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To reduce National Insurance costs, shareholders of small privately owned companies, who are also working directors of the company, can structure their remuneration package to reduce their salary and make up the difference as dividend payments.
This remains one of the most useful ways for owner directors of small companies to reduce their overall tax and NIC costs.
Dividends are not considered to be a business cost. They don’t reduce the amount of profit assessable to corporation tax.
Rather, dividends are a distribution of profits after corporation tax has been deducted.
At present company reserves available for distribution will have already suffered a potential 19% corporation tax charge, so only 81% remains available.
This remainder can be retained to finance future investment or accumulated as a rainy-day fund to perhaps see you through more difficult trading periods. Or alternatively it is available to distribute to shareholders as dividends.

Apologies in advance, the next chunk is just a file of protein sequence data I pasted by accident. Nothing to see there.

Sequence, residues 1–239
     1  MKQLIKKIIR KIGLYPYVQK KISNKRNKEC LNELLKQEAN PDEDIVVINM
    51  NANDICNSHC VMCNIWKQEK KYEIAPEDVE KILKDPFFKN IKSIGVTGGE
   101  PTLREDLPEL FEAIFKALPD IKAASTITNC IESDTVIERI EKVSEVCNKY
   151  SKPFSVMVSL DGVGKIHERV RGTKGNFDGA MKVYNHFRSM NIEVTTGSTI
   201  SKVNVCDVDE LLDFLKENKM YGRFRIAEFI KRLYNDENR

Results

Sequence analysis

Consequently, the withdrawal of dividends creates no tax consequences for the company, but it can create income tax bills at one of three hybrid rates for the recipient shareholders.
For 2018-19, the following rules apply:
Shareholders will pay:
So as long as any dividends you take do not push your income after allowances above the basic rate tax band, then a tax payable rate of 7.5% is modest.
The argument in favour of a low salary high dividend approach for owner directors of small companies is still an appropriate and acceptable tax planning strategy but because every person’s tax affairs are unique, this may not be the best-fit strategy in your particular circumstances.
As the tax regime for dividends looks to be hardening in future years, if you would like to discuss your options please get in touch.